Wild turkeys can fly and run at incredible speeds. They reach up to 55 mph flying and 25 mph running. They are also far more beautiful than the white domestic version that becomes the supermarket’s butterball. The wild turkey’s dark feathers are iridescent with shades of red, green and copper that shine when hit by the sun. The male bird (called a gobbler, or Tom) is the most colorful with a bright red head and neck wattle with a beautiful fan of tail feathers that it spreads out to impress the lady turkeys (called hens).



So if you sit down to a thanksgiving turkey meal this year, you should think a little about the wild turkey and give thanks and respect to the history of where the bird came from.  

UNTIL NEXT WEEK  

BE SAFE, BE CAREFUL, BEHAVE, DON'T DO ANYTHING ILLEGAL, IMMORAL, UNETHICAL, OR JUST PLAIN STUPID






Wednesday, November 15, 2017

Fungus Among Us!



"WILDLIFE WEDNESDAY" 









These photos are left unidentified on purpose.  It is easy to mislabel mushrooms and with the fairly common occurrence of poisonous fungi, I will leave the i.d. to true experts (I think you would do well to do the same).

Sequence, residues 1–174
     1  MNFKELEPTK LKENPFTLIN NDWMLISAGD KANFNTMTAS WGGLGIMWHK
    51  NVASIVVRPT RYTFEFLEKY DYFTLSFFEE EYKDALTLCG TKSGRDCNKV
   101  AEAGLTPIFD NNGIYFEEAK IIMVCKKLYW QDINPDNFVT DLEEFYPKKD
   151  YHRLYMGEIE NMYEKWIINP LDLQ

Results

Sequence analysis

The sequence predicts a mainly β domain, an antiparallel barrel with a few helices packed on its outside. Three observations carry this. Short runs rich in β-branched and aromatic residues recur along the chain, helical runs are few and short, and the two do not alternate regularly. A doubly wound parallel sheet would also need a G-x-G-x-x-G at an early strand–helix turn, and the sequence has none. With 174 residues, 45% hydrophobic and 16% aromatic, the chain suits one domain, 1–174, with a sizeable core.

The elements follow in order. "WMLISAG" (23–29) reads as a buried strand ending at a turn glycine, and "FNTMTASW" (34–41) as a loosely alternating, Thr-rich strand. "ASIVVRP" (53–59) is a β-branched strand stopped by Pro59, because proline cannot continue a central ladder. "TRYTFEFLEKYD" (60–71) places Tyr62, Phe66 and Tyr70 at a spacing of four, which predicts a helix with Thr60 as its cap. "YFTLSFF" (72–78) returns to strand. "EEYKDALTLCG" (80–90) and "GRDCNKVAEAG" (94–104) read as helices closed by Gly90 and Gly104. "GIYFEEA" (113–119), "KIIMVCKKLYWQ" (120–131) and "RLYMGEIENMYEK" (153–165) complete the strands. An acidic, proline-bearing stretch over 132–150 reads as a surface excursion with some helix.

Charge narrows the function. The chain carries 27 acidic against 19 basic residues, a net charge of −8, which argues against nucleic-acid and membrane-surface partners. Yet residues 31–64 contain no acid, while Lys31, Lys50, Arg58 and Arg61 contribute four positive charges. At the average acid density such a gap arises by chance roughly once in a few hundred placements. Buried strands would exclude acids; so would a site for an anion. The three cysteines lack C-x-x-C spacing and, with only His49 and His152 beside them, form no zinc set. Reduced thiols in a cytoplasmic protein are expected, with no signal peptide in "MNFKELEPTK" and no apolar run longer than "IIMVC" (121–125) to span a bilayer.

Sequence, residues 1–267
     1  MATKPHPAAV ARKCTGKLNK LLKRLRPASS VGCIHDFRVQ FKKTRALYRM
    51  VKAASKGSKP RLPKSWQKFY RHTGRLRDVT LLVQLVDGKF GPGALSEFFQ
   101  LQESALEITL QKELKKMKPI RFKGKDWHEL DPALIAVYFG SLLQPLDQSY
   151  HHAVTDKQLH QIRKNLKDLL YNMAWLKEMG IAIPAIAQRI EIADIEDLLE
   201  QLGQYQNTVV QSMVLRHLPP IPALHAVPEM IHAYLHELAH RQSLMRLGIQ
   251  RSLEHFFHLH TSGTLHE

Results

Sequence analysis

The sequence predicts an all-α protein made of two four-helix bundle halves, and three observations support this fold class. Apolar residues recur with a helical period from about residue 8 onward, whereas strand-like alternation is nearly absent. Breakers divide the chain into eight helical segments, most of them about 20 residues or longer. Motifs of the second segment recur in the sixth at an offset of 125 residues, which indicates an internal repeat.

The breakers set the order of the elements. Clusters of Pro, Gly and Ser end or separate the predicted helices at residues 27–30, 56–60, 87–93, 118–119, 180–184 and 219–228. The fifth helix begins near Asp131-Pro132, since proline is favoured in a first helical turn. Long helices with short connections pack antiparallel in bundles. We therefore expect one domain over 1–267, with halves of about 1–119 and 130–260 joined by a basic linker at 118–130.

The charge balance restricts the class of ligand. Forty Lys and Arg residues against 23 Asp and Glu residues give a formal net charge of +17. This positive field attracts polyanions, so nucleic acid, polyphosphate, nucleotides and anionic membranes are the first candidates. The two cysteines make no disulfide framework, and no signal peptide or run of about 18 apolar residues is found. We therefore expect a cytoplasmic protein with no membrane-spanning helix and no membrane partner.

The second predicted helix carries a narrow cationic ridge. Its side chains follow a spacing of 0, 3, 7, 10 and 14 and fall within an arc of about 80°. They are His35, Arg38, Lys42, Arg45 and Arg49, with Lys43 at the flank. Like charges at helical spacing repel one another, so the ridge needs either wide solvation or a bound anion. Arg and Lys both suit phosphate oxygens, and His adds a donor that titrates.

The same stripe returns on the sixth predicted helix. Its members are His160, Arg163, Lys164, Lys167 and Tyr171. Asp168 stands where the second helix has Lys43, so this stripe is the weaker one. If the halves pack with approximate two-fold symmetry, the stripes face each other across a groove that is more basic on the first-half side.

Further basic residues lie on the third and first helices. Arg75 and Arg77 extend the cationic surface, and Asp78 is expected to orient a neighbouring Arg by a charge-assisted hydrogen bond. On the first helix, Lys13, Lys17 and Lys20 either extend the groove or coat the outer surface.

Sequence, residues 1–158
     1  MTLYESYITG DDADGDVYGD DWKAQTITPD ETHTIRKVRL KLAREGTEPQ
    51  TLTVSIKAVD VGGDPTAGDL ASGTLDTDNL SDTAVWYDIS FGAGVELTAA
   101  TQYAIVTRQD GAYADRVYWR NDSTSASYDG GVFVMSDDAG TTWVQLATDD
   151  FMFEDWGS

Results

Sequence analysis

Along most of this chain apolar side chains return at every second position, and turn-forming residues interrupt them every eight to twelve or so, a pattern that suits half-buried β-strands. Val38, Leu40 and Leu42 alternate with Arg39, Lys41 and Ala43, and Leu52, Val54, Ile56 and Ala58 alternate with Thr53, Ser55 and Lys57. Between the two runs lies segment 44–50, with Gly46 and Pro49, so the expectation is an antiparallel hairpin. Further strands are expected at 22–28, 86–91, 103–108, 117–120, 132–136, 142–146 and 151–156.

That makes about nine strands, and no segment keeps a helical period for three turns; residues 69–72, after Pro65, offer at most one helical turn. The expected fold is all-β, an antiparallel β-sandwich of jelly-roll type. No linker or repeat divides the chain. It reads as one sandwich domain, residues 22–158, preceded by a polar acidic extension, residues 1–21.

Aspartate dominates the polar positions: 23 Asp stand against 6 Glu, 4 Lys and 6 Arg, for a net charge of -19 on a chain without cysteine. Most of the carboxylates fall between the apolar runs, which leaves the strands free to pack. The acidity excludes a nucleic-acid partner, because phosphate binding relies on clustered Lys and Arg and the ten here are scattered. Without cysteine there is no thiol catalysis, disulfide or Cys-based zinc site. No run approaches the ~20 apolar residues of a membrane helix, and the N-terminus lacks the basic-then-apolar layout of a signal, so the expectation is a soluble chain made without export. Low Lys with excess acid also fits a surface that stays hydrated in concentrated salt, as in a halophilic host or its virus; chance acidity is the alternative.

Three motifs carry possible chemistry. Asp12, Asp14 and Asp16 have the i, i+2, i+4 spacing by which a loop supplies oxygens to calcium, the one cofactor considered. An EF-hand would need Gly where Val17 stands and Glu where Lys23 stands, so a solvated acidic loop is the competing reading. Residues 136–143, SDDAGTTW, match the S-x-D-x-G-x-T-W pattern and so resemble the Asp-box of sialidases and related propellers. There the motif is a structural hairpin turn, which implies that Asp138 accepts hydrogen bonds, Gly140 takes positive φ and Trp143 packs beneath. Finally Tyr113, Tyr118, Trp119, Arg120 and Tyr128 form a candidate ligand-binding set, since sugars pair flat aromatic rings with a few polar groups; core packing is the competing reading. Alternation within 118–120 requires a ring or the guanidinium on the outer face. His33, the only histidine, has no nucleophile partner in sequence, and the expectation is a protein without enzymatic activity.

Mushrooms can be aesthetically pleasing parts of the natural landscape and can also serve as a source of edible goodness for those that have the taste for them and are able to safely identify the ones that will not kill you.   

Image result for red mushrooms of alabama





In general, this is my response to the often asked question "Eat or don't eat this mushroom":   

Possible but...... Can't tell from the photo, so NO.

 Simple rule, don't eat what you are not sure of . In general these are the rules I follow:


Avoid mushrooms with white gills, a skirt or ring on the stem and a bulbous or sack like base called a volva. You may be missing out on some good edible ones, but it means you will be avoiding some deadly ones

Avoid mushrooms with red on the cap or stem. Again you will be missing out on some good mushrooms but more importantly you won't be picking poisonous ones.